A teary-eyed young girl bids farewell to her father by screaming the war cry of his military regiment. It’s heart-breaking and leaves us emotionally crushed. But as the visuals play out, we can’t help but recall the images of the 11-year-old daughter of an officer from the Gorkha Rifles who paid a similar tribute to her father after he died fighting terrorists in Kashmir in 2015.
Uri: The Surgical Strike, however, plays out in 2016. Director Aditya Dhar manages to launch a striking attack in his debut. Armed with the sturdy Vicky Kaushal, he unveils gun battles, one after another. And you can’t help but marvel at the precision with which the sound design and lights enhance the warfare. No drama. No dialogues. Just the bullets peppering our screens and our emotions.
Although you know which side Dhar’s supporting in the conflict, he never reduces the men on the other side of the border into mere scoundrels. Just a few minutes after the curtains roll up, you watch a man pull out his mobile phone, not to make a call but to trigger a bomb. Those few seconds shows just how Dhar’s world is like no other.
However, his brilliance quickly diminishes when he leaves the battleground to explore the emotional nuances of a son’s desire to give up his dreams to nurse his ailing mother. There are moments of genuine turmoil, essayed with grace and dignity by Swaroop Sampat but some end up puncturing the narrative, especially one that involves a misplaced agent.
A botchy background score and choppy cuts on the editing desk during highly influential political meetings and emotionally charged sequences deride the mood further. This when he skipped the romance and the often-used, song-and-dance mood-lifters. But his actioner still clocks a little over two hours. Had he cut short his main man’s back story, and added a little more insight into the other men who joined him on the war front, Uri wouldn’t have been reduced into a one-man army that Bollywood often glorifies. The banter between the boys before the strikes begin is what turned movies like Zero Dark Thirty equally eerie and thrilling.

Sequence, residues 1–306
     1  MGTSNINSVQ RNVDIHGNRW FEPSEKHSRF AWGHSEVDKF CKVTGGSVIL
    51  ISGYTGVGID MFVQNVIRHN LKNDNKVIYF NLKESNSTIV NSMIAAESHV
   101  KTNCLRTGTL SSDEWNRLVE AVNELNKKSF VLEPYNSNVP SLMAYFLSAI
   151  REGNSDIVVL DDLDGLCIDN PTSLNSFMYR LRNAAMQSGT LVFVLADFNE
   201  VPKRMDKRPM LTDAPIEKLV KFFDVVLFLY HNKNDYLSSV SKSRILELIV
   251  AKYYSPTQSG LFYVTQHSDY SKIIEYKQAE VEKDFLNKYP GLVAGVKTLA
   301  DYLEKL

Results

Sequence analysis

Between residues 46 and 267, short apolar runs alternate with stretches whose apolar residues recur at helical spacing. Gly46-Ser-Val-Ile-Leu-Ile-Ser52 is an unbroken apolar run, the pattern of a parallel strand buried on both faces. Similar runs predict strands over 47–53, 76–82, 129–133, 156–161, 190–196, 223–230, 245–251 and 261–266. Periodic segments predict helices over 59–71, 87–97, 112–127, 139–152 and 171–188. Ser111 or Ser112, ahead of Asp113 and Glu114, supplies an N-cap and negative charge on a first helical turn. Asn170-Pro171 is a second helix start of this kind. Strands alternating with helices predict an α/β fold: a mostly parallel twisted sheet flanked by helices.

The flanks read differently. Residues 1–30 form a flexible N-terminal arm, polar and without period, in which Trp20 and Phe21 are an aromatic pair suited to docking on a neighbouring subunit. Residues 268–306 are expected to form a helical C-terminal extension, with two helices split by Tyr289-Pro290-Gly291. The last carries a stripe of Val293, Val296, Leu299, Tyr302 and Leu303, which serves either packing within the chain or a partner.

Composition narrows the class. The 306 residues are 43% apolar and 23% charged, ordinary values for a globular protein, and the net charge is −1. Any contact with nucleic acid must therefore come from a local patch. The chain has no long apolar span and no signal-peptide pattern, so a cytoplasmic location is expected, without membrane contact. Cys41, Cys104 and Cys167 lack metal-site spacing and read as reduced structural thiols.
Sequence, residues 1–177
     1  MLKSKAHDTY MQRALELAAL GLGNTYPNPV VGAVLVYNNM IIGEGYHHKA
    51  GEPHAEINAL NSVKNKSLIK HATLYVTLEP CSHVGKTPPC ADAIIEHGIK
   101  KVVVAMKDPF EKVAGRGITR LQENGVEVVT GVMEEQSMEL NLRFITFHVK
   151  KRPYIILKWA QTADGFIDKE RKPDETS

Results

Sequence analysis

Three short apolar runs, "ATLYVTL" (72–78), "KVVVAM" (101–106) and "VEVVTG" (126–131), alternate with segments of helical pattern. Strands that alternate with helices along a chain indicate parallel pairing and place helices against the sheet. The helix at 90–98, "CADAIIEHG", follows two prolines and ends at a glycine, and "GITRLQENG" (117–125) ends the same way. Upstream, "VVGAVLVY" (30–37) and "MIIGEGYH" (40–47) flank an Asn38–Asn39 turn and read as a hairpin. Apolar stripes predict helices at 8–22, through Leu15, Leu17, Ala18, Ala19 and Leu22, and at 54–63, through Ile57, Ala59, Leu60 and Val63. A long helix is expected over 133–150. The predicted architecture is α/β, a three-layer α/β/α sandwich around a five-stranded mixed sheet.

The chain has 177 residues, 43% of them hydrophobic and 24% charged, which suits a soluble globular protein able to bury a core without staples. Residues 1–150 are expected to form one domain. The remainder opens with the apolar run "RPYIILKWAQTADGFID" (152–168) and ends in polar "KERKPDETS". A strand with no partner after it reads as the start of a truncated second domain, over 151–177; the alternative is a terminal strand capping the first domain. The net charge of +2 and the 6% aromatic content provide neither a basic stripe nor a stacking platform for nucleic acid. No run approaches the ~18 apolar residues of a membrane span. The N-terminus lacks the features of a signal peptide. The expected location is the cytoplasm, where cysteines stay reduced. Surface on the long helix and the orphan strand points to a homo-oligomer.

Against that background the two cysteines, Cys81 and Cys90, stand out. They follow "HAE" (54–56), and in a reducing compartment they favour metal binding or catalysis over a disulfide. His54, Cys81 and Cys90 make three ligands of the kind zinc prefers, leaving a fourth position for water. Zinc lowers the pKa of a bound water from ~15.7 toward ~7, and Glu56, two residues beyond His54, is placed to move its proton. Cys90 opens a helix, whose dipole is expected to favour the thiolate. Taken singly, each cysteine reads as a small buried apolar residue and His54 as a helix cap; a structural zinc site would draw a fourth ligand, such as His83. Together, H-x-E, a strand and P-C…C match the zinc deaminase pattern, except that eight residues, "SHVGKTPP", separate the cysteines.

Even though Dhar doesn’t pitch Vivaan as a quintessential hero on the frontline for most parts, he ends up getting trapped in the same cliché. The climax, where the guns are abandoned for a massive wrestling match is reflective of that heroism.
But Kaushal manages to deflect much of the damage with his magnificent performance. Every moment he’s onscreen, you can’t help but marvel at his grasp of the art. Whether it’s on the battlefield or off it, Kaushal manages to strike with dazzling ease.
While Kirti Kulkarni is impactful, Yami Gautam’s part appears forced and unnecessary. Rajit Kapur takes on Modi, just as Bollywood gears for more ‘Modism’, whereas Paresh Rawal’s phone-breaking part is well written. There’s even a boy with a unique drone who wins over some laughs. Despite the setbacks, Kaushal’s war cry is one that’ll definitely wake up the patriot in us. (Watch the video review of Uri: The Surgical Strike here)